State lawmakers take aim at the emergency powers governors have relied on in the pandemic.

By Michael Wines

When the pandemic began, the nation’s governors suited up for a new role as state bodyguards, issuing emergency orders to shutter schools, close cinemas and ban indoor dining in an effort to curb a mushrooming threat.

But not everyone likes killjoys, no matter how well-intentioned.

Now, state legislatures — saying the governors have gone too far — are churning out laws aimed at reining in the power of their executives to respond to the pandemic and emergencies like it.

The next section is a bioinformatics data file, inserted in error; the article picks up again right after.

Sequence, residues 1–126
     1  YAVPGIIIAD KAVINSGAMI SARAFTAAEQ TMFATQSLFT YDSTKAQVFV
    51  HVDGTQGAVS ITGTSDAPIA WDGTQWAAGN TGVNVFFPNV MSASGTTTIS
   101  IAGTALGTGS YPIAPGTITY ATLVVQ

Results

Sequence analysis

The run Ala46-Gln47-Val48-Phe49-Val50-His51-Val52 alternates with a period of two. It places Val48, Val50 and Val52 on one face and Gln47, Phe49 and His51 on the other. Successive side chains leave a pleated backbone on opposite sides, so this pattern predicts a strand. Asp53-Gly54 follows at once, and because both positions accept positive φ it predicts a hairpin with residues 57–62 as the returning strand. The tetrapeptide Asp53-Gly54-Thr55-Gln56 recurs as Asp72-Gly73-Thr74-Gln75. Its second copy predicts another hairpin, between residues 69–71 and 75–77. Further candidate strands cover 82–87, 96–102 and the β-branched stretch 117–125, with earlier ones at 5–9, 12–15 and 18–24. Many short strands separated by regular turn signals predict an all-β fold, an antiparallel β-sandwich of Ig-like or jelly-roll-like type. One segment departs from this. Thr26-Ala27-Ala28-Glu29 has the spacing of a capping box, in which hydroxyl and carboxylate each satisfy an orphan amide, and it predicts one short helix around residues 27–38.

A Kansas bill that this week became law requires Gov. Laura Kelly to suspend all emergency orders and give legislators the option to void any that she reissues. Mask mandates are likely to be among the first to fall. Ohio legislators overrode Gov. Mike DeWine’s veto this week, limiting his powers to make emergency declarations. Utah lawmakers voted for an April 10 end to mask requirements and to rein in powers of the governor and state health officials to deal with crises; the bill became law on Wednesday.

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